Starting a business is hard work. Creating a successful business is even harder. According to The Small Business Administration, “About half of all new establishments survive five years or more and about one-third survive 10 years or more.” Creating a business that can scale up to be a big, industry-impacting business is harder yet. What makes it so hard? What are the barriers to scaling your business and taking it to the next level?
Many entrepreneurial types assume that money is the biggest obstacle. There is no question that growth consumes cash. Without adequate cash, a company won’t get far. But there are plenty of examples of companies and individuals that threw a lot of money at a business and still saw it fail. Money alone won’t ensure success in scaling your business.
Others assume that the biggest problem is a lack of innovation when it comes to the product or service being offered. Again, there’s some truth to this. “Me-too” products, or products that are incrementally better won’t generate the kind of interest necessary to generate dynamic growth. But the road to success is littered with great products and ideas that never delivered on their promises. And there are also plenty of success stories that feature good (if not great) products.
So what are the real barriers to scaling your business? There are three that I believe are the biggest obstacles to taking a good business to the next level.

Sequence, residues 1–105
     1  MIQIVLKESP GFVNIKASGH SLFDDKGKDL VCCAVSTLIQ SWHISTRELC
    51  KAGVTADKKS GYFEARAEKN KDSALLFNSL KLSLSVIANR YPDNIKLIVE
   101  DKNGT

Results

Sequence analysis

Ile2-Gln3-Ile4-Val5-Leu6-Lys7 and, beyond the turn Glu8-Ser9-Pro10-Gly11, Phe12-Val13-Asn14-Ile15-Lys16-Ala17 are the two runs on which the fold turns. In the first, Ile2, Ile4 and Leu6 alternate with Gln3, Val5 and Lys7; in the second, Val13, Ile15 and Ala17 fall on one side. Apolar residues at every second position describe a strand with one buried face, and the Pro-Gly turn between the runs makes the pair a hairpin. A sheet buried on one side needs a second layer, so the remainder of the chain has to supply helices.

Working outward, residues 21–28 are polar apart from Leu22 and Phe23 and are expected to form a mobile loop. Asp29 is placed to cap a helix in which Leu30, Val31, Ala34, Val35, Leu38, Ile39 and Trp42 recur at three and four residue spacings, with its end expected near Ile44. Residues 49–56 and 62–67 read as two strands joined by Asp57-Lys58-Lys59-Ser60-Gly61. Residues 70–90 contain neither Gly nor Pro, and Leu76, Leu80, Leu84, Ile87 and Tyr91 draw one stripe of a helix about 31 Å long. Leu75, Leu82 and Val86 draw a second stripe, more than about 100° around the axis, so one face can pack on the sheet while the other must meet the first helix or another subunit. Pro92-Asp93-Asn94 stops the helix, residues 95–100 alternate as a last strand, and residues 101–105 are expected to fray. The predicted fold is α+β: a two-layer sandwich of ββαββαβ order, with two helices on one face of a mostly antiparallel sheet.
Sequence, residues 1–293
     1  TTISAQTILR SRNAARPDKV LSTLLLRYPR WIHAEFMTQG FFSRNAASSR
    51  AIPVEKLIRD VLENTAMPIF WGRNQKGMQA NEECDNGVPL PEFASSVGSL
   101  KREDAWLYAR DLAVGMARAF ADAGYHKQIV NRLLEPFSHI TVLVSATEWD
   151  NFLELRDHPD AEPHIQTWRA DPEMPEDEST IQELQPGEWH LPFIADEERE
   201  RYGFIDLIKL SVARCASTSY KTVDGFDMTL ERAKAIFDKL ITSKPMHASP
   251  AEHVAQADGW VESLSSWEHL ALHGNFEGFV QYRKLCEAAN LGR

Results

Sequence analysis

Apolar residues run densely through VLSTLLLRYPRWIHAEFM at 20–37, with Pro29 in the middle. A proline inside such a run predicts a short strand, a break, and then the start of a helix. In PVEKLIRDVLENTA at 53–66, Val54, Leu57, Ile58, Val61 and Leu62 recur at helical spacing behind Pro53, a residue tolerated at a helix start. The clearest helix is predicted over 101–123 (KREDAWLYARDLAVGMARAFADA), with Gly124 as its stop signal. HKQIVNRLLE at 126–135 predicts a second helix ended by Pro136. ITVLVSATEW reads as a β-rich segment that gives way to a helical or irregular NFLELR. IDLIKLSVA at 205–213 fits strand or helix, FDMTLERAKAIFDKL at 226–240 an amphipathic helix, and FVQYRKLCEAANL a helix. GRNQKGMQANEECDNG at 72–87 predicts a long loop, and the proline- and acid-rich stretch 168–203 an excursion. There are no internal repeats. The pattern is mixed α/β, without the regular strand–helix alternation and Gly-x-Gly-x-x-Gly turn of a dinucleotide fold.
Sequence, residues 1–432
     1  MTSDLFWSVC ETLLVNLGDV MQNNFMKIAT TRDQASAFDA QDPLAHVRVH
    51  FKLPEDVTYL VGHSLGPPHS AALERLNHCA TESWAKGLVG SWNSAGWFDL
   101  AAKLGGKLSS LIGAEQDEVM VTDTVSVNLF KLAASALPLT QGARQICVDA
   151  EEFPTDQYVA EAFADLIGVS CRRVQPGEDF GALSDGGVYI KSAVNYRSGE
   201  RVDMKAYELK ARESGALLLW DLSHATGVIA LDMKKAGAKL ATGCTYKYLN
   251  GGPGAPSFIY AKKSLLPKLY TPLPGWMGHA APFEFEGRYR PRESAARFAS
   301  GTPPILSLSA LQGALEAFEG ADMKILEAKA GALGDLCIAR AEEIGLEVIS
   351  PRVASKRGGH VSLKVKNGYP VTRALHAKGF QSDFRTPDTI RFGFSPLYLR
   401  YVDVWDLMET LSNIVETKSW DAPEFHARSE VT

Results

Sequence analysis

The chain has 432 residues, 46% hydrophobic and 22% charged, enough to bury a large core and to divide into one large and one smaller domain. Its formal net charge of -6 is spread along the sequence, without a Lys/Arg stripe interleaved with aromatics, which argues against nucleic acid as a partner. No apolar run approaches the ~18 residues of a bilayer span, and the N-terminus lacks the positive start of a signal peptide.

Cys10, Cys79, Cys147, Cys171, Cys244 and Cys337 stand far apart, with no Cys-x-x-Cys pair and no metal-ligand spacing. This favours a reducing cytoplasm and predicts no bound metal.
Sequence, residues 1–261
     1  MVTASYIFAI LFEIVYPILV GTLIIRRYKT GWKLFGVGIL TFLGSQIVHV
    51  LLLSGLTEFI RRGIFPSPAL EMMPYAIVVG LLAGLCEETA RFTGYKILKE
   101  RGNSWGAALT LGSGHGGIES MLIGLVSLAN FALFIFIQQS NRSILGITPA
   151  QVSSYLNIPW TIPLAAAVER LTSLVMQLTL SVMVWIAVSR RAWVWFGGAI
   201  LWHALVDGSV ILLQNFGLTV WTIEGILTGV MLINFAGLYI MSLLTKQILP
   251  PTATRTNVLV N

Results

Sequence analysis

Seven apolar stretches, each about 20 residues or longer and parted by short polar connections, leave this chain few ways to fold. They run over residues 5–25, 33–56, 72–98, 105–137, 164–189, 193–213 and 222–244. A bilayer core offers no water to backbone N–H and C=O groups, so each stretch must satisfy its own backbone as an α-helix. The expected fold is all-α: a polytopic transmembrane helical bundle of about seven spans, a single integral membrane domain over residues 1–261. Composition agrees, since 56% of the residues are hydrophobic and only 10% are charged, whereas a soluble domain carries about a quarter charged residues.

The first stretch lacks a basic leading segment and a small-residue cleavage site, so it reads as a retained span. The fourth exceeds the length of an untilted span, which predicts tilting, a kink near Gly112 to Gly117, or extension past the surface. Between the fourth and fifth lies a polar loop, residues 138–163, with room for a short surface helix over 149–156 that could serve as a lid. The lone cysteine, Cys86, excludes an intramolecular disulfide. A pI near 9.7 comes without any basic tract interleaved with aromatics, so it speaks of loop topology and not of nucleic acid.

- Undeveloped Leadership: As companies grow, some responsibilities and tasks can outgrow the capacity of the people who are supposed to fulfill them. Managing a $1,000,000 marketing budget is dramatically different than managing a $50,000 marketing budget. Managing national distribution is a whole different ballgame than coordinating local or regional distribution. Henry McGovern, co-founder and chairman of Pizza Hut—who saw dramatic growth from a single restaurant in Wroclaw, Poland to a corporation employing more than 18,000 people—said, “We’re more a training company than a restaurant company.” Companies that fail to train their leaders for the new challenges they will face as the company grows are setting these leaders (and the company) up to fail.
- Lack of Systems: When you’re a small business, you can often get by with “winging it.” It can actually be an advantage. You’re quick, nimble, and flexible. Everything is a custom project. You work at something until you get it right. That kind of operation, however, doesn’t scale well. You need systems and infrastructure that allow you to take advantage of economies of scale. As with leadership, the internal systems and infrastructure need to change to accommodate growth. When you only have one or two customers you can take a week to make a widget. When you have 1,000 customers, you may need to be able to make 100 widgets in a day.
- Misreading Market Dynamics: Business today is in a constant state of change. Solving today’s problems is good for today, but it may not be what’s needed tomorrow. What’s important for your customers today may not be what drives them tomorrow. If you’re not constantly keeping your eye on what’s happening in the marketplace, you can find yourself perfecting something that nobody even cares about in a year or two.
In future posts, I’ll expand on these ideas a bit and take a more detailed look at why undeveloped leadership, a lack of systems, and misreading market dynamics are such big barriers to scaling a successful business. And I’ll explore some things you can do to overcome these barriers so that you can take your business to the next level of success.